As one of the main challenges faced by cli­nicians who treat non small cell lung cancer, drug resistance continues to thwart efforts to mitigate disease progression. This is especially true for the class of drugs called tyrosine kinase inhibitors, which inhibit adenosine triphosphate at the binding site of tyrosine kinase.
As one of the main challenges faced by cli­nicians who treat nonsmall cell lung cancer (NSCLC), drug resistance continues to thwart efforts to mitigate disease progression. This is especially true for the class of drugs called tyrosine kinase inhibitors (TKIs), which inhibit adenosine triphosphate at the binding site of tyrosine kinase.
A recent review article by Alessandro Leonetti and colleagues1provides a comprehensive overview of resistance mechanisms to osimertinib (Tagrisso) and suggests strategies and insights to overcome resistance to this agent. Although patients treated with the first-generation TKIs gefitinib (Iressa) and erlotinib (Tarceva) and second-generation afatinib (Giotrif) enjoy a relatively high objective response rate (ORR) that ranges between 60% and 70%, most patients experience resistance, with progression-free survival (PFS) ranging from 9 to 15 months.1,2
““This review reflects the urgent need of eluci­dating the complexity of resistance mechanisms to osimertinib, which is the current standard frontline treatment of patients with EGFR-mutated NSCLC,” corresponding author Elisa Giovannetti, MD, PhD, scientific researcher in the Department of Medical Oncology at Amsterdam University Medical Center, Vrije Universiteit Amsterdam, in the Netherlands, said in an interview withTargeted Therapies in Oncology. “The final goal is to provide a better under­standing of the limitations and novel opportunities to tackle tumor resistance.”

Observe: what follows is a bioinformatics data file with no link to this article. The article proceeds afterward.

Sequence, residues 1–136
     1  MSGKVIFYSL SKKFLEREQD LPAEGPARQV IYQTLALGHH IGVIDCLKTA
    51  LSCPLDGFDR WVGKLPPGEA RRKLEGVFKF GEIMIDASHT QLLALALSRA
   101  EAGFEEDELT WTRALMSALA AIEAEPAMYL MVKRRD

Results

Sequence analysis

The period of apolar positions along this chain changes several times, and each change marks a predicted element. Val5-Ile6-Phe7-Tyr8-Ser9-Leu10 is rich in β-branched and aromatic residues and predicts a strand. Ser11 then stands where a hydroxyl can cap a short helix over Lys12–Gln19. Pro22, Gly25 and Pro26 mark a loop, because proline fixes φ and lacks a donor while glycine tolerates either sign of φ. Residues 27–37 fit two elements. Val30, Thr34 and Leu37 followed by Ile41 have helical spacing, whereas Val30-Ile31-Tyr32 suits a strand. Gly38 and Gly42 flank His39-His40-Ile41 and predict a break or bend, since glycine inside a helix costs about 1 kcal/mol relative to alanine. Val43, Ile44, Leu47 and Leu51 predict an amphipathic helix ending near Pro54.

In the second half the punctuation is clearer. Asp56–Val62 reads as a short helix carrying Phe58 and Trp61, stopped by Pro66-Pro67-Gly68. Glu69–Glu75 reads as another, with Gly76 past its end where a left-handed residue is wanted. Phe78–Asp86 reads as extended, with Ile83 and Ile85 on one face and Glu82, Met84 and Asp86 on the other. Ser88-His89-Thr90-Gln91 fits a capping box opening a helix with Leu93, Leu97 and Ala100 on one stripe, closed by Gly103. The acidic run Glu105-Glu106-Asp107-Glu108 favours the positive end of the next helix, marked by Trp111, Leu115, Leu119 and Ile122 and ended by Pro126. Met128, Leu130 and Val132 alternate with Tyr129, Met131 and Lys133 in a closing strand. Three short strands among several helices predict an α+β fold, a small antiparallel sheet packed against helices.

The main culprit in the development of TKI resis­tance is the T790M mutation inEGFRexon 20.3The only currently approved third-generation TKI, osimertinib, selectively targetsEGFRmutations and is indicated in patients who are T790M positive. Although the agent has robust clinical activity, similar to earlier generation TKIs, patients unfortu­nately develop secondary resistance.
The wide spectrum of resistance mechanisms observed in NSCLC may be due to the disease’s molecular heterogeneity. The authors note that many coexisting molecular alterations have been observed in a considerable percentage of patients, both when osimertinib is used in the frontline setting and after resistance develops from the use of previous TKIs.
Acquired resistance mechanisms to EGFR TKIs can be broadly grouped intoEGFR-dependent orEGFR-independent mechanisms. The scenario of resistance mechanisms to osimertinib includes a number of aberrations, which can develop based on the setting in which osimertinib is administered. Despite being partially overlapping, the frequency of these aberrations differs when osimertinib is given in the first- or second-line setting (FIGURE). “In the figure, different molecular aberrations might coexist in the same patient, thus reflecting the complexity of tumor machinery,” Giovannetti wrote.